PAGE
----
Upon successful completion of this course, the student will have a good working knowledge of the inspection of wood shingle and shake roofs including identification of the different types, performance and aging characteristics, common defects, and wind and hail damage.
Special thanks to Kenton Shepard, InterNACHI Director of Green Building and International Development, for the content – the result of two years of exceptional research, photography and writing.
The Inspecting Wood Shingle and Shake Roofs online video course includes:
4 training videos;
49 minutes of training video;
57-page student book download;
60-question final exam (drawn from a much larger pool);
2 Continuing Education credit hours;
a downloadable, printable Certificate of Completion; and
accreditations and state approvals.
The Inspecting Wood Shingle and Shake Roofs online video course covers the following topics:
Projection and Overhang
End of Useful Life
And, in keeping with InterNACHI’s commitment to Continuing Education, this course is open and free to all members, and can be taken again and again, without limit.
Students are free to pose questions and comments here and join in the conversation with other students. The thread will be monitored by the course instructor.
in receiving an e-mail that had a link to wood shingle roofs, I have tried to access it but the window opened that I had to review the online forum. I went to theforum but still cannot get to the course. HELP!
I have completed the course on Shake and shingle roofs and now understand a lot of the reasons why so many of these roofs look in bad condition. Improper installation, weathering, exposure lengths , tree , hail and wildlife damage are all contributing factors to the roof’s lifespan. Very informative.
These are photos of a wood shingle roof of a commercial property in the Toronto Ontario area. The climate here consists of very cold and snowy winters and hot humid summers. The roof in these photos is approximately 20 years old and is showing a lot of cupping and curling, which is increasing it’s probability of a leakage.
These shingles are original to this 25±year-old log house. They sit above an underlying 2x12 roof substructure (filled with insulation) that rests on the ceiling logs. The moss growth was most noticeable on the east side of the house, which was also the most shaded portion of the roof. The homeowner was frustrated with his choice of shingles for this house.
Mastering Roof Inspections: Wood Shakes and Shingles, Part 1 explains the basics of wood shingles. It covers manufacturing and performance standards. It highlighted the differences between shakes and shingles, as well as the importance of the various types of grain.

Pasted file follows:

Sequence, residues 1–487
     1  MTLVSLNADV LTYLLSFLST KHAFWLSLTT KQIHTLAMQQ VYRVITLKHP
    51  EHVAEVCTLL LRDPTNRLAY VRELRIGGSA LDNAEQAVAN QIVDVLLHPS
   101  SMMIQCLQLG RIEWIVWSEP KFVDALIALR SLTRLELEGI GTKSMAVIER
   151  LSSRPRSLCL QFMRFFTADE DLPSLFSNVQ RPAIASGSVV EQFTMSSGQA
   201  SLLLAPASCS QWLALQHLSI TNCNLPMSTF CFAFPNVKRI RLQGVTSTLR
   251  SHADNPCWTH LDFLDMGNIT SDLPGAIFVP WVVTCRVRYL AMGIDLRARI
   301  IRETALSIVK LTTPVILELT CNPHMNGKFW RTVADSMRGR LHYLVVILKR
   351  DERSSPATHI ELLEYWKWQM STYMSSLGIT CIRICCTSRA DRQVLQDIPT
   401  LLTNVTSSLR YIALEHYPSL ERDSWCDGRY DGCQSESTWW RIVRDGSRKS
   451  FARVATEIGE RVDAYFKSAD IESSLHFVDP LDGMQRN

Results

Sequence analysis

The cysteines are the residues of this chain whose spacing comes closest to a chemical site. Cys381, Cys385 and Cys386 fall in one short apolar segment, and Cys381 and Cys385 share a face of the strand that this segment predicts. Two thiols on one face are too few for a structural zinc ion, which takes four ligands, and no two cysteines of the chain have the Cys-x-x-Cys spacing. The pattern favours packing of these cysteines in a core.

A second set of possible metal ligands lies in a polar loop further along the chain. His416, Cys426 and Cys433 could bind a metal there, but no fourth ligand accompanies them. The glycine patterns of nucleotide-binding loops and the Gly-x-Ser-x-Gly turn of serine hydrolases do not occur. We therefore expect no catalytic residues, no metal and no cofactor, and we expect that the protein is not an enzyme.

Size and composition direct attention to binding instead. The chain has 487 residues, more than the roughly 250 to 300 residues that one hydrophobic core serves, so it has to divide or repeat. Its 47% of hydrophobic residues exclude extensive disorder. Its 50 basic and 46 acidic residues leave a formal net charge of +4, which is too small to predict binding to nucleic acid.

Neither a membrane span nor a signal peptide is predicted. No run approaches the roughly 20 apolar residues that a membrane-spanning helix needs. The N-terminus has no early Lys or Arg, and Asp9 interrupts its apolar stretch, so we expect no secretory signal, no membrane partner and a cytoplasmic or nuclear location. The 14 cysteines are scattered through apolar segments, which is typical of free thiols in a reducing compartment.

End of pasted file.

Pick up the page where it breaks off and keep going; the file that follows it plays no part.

Mastering Roof Inspections: Wood Shakes and Shingles, Part 2 explains the different grades of shakes and shingles associated with the IRC and the CSSB. It covered the different factors that impact the longevity of shakes and shingles. The rest of the article addressed the proper installation of shakes and shingles.
Mastering Roof Inspections-- Wood Shakes and Shingles Part 1
There are two types of wood roofing, shingles and shakes. Neither has the practicality of asphalt shingles. There are many other roofing products that try to simulate look of wood shingles and shakes. Wooden shingles and shakes are generally made from cedar, spruce, or treated pine. Wood roofing is especially popular for older homes and those based upon historical styles.
Mastering Roof Inspections-- Wood Shakes and Shingles Part 7
Protecting wood from decay is of very important. Decay can occur fairly quickly, and failure from weathering is an accumulative process. Leaves and other debris that accumulate on roofs, in valleys and gutters, trap moisture in shingles, increasing the likelihood of decay. Loose debris from roofs and gutters should be cleaned routinely to protect against decay. Refinishing will reduce weathering.
This was a picture from a recent inspection of a home that was 26yrs old and the roof appears to be original.
The material is showing signs of age and deterioration. Recommended at a minimum having a roof certification completed or further evaluation by a roofer.
(Anthony Tilidetzke, CMI, Wisconsin Home Inspector License #1237-1)
The many wood roofs I have inspected are in need of some form of maintenance. Rarely do I ever step foot on a wood roof for fear of damage to the shingles. I move along the roof eave with the ladder and at any good point such as 2nd level windows I gain more view points. A recent inspection I wrote up a wood shingle roof and the quote to replace was $80,000… I was shocked but this is why we do inspections!